Continued from the previous post…
Our taste of Wales’ natural beauty left us wanting more, so the next morning, we were again awake early and were again blessed by the incredible generosity of Pete, who drove us this time to the foot of Mount Snowdon in Snowdonia National Park. Although we ended up on the “advanced” trail (we were only following Pete’s instructions!), the first half of the climb was relaxing, offering sweeping views of the surrounding mountains and the lakes below.
Then, we climbed into clouds. Suddenly, the world disappeared, covering us with mist and obscuring all but the next few feet in front of us. The path that had seemed luxuriously wide and almost painfully gentle suddenly shot straight upwards, with no markers in sight.
We climbed on for a few more meters until we realised that we were completely turned around and making up our own path in the middle of suffocating cloud cover, which did not seem like a good idea. Thankfully, voices came our way: although we couldn’t see them, we managed to talk to two other hikers, who assured us that the path was just below us.
Back on track, we continued on up, finally reaching the summit of Mount Snowdon… or at least what we could vaguely see of it! The winds at the peak were ferocious and the mist was so thick that objects even a few steps ahead of us on the trail disappeared into vague shadows. The temperature had dropped 15°C as we climbed, and every exposed hair on our body was covered with droplets of mist and ice. This is apparently not unusual for Mt. Snowdon: a local who arrived at the summit moments after us took one look at the white void and sighed. “Oh well,” she muttered to herself, “perhaps one of these days I’ll actually see the view.”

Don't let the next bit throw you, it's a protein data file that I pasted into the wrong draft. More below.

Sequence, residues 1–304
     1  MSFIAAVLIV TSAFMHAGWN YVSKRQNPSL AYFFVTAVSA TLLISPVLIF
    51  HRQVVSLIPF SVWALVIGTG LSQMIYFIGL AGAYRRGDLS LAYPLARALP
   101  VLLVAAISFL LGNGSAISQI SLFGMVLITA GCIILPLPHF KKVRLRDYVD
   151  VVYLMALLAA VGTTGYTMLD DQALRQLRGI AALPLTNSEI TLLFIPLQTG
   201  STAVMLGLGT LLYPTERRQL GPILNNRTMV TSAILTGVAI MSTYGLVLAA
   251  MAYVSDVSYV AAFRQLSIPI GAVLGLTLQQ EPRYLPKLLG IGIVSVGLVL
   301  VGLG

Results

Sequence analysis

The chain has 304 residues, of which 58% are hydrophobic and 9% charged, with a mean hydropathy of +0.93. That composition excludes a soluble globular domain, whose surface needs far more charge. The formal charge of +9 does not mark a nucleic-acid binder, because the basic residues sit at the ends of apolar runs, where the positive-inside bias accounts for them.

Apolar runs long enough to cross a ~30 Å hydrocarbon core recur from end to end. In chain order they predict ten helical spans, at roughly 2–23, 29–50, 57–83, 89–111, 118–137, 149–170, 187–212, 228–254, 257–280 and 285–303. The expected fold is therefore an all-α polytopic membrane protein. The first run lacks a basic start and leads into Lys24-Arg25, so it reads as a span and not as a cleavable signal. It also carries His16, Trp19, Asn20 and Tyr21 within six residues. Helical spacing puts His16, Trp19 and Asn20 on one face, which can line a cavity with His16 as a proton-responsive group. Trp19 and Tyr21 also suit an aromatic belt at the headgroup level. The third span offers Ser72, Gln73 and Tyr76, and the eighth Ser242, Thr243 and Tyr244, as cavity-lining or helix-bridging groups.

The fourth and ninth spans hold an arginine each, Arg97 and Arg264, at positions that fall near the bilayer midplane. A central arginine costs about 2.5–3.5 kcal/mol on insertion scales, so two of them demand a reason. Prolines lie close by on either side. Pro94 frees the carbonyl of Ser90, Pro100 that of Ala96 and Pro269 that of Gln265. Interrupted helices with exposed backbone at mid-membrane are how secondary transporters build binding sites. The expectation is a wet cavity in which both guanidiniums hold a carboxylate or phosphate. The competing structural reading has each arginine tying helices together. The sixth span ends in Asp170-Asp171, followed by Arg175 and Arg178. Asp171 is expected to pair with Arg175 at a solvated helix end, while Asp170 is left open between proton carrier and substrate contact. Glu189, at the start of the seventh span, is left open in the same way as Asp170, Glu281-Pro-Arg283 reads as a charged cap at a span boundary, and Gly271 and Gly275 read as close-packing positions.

However, just a few meters down the mountain, a whole new world reappeared!
Thinking back to the original three elements that had brought us to Wales, all three proved true. The uniqueness of Welsh culture is evident not only in the raw, magnificent beauty that composes the landscape, but also in the earthy language that garnishes every interaction, from the post office to a scenic drive with a local. There is something magical about Wales, where myth and reality live side by side, where mountains disappear into the mist and ancient castles sit cooly beside play structures.
And finally, the Welsh really do scramble off cliffs. And now, so have we.